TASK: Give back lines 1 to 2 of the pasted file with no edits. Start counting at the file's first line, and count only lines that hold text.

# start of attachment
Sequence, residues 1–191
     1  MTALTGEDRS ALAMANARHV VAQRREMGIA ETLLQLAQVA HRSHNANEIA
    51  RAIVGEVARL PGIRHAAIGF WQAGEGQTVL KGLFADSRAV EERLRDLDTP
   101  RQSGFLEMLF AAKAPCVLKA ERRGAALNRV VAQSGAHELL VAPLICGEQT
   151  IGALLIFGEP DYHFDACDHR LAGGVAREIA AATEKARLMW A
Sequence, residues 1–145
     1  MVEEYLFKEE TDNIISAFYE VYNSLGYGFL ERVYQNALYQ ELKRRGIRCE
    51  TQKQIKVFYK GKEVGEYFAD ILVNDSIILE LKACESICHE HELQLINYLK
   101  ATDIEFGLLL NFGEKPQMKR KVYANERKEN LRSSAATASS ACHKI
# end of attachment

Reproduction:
Sequence, residues 1–191
     1  MTALTGEDRS ALAMANARHV VAQRREMGIA ETLLQLAQVA HRSHNANEIA